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Found 6 results

  1. Im fairly new at this digitizing so this is probably a pretty basic question, but when i use satin stitches and there is a segment next to another one there is a gap between the two sections. im not sure how to get rid of the gaps. ive tried overlapping the segments but that doesn't always help. is there a trick in how to digitize the segments so they run together??? Help!!!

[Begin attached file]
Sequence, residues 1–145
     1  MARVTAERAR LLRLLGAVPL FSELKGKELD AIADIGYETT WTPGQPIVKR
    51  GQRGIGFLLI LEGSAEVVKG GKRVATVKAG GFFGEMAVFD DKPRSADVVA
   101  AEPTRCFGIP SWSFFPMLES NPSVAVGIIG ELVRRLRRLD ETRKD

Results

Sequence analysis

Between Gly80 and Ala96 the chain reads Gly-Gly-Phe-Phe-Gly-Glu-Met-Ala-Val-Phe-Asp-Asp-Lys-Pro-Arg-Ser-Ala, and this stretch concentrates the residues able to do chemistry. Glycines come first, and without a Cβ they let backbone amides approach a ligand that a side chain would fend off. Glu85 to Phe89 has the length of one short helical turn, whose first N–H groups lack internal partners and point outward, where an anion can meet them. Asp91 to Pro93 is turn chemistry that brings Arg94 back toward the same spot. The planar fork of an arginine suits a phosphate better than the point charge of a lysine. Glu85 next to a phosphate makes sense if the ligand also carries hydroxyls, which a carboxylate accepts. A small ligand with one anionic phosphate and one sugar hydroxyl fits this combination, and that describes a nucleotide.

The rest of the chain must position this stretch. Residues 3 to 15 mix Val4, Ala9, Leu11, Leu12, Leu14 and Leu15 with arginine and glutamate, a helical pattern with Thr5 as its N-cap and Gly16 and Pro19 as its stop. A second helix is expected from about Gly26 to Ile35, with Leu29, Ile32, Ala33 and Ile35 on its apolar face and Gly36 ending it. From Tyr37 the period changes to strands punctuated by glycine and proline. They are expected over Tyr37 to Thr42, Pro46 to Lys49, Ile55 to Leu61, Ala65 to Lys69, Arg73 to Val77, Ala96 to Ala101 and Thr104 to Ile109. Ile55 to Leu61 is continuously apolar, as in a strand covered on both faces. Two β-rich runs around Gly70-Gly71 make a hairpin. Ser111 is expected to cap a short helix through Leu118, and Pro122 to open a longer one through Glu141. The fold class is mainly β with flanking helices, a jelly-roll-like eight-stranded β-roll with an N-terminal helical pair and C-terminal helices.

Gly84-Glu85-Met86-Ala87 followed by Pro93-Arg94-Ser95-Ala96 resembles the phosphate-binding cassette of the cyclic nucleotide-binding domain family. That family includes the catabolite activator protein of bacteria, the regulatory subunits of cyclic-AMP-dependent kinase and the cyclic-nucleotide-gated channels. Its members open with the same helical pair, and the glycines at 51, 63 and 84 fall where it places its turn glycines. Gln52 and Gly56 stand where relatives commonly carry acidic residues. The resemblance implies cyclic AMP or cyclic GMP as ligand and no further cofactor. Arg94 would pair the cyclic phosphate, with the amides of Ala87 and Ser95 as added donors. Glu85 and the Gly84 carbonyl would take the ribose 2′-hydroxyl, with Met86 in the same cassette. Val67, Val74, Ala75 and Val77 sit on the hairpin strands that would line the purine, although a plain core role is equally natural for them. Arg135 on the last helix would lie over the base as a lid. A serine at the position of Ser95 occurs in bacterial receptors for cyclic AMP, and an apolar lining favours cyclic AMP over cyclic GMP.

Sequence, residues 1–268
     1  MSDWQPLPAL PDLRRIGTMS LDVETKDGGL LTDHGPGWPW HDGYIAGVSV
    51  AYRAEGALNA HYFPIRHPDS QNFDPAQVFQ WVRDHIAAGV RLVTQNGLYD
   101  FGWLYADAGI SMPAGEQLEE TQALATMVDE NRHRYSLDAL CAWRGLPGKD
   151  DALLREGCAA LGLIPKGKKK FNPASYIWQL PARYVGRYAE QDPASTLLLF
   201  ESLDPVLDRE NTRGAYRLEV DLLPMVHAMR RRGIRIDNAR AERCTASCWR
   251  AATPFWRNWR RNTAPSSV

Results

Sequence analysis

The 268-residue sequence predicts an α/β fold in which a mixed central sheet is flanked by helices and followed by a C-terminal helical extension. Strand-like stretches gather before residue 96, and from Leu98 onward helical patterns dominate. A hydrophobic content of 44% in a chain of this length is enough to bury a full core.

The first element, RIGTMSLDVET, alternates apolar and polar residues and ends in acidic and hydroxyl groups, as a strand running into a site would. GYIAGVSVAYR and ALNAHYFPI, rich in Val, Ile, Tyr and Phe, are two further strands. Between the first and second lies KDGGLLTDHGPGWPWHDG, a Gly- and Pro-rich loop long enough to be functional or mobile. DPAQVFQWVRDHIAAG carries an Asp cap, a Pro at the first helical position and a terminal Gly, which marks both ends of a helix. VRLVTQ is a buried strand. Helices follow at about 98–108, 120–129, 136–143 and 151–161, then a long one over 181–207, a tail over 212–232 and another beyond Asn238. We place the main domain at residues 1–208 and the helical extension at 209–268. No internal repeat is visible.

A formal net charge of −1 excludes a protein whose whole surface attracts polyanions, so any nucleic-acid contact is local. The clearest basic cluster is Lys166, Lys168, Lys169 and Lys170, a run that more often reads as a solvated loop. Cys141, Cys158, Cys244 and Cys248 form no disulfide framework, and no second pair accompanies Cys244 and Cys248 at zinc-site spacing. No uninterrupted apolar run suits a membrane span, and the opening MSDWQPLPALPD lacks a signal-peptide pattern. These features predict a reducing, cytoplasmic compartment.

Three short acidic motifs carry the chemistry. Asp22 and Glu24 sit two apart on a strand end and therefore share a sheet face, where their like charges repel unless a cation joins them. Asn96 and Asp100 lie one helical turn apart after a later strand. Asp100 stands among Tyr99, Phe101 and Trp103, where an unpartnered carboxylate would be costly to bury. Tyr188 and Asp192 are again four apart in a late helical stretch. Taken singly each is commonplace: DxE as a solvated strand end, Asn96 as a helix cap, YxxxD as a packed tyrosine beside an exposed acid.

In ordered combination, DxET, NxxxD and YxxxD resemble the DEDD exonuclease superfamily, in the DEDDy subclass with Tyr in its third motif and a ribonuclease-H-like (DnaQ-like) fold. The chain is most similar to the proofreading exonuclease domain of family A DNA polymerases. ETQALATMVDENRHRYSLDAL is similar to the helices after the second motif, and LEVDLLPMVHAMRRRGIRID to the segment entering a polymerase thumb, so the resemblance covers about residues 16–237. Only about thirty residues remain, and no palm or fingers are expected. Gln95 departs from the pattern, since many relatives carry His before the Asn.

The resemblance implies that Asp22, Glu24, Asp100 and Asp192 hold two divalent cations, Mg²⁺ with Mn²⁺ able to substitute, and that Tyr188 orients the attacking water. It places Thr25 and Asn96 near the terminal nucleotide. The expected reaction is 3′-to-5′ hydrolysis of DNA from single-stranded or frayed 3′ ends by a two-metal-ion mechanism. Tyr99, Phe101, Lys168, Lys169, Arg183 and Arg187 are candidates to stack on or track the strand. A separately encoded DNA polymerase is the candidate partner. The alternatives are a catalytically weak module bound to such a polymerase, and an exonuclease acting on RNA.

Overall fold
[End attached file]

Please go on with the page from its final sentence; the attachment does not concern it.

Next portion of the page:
2. Original text by: Marina Belova Not very long ago I've noticed a pretty-looking design embroidered on 3D Puff with a metallic thread. And I thought I could do it, too – there is seemingly no difference between embroidery threads, right? After all, in standard embroidery cases the difference is minimal. Nothing of the kind. See, how ugly the result is: At the beginning the embroidery runs smooth, then there are stitches missing, then everything is smooth again. And the reason for these gaps is not that the stitches in different embroidery segments lie in opposing directions and there aren't much overlaps — each of the contours equals one segment, and therefore, all of them are unidirectional. I don't understand what is the problem: the brand or the thread itself? Do I need to change my needle (system, needlepoint, thickness etc.)? Or do I need to change stitch parameters (density, carcass)? Or, perhaps, I should change the filler (3D Puff)? Those who have embroidered on , help me, please!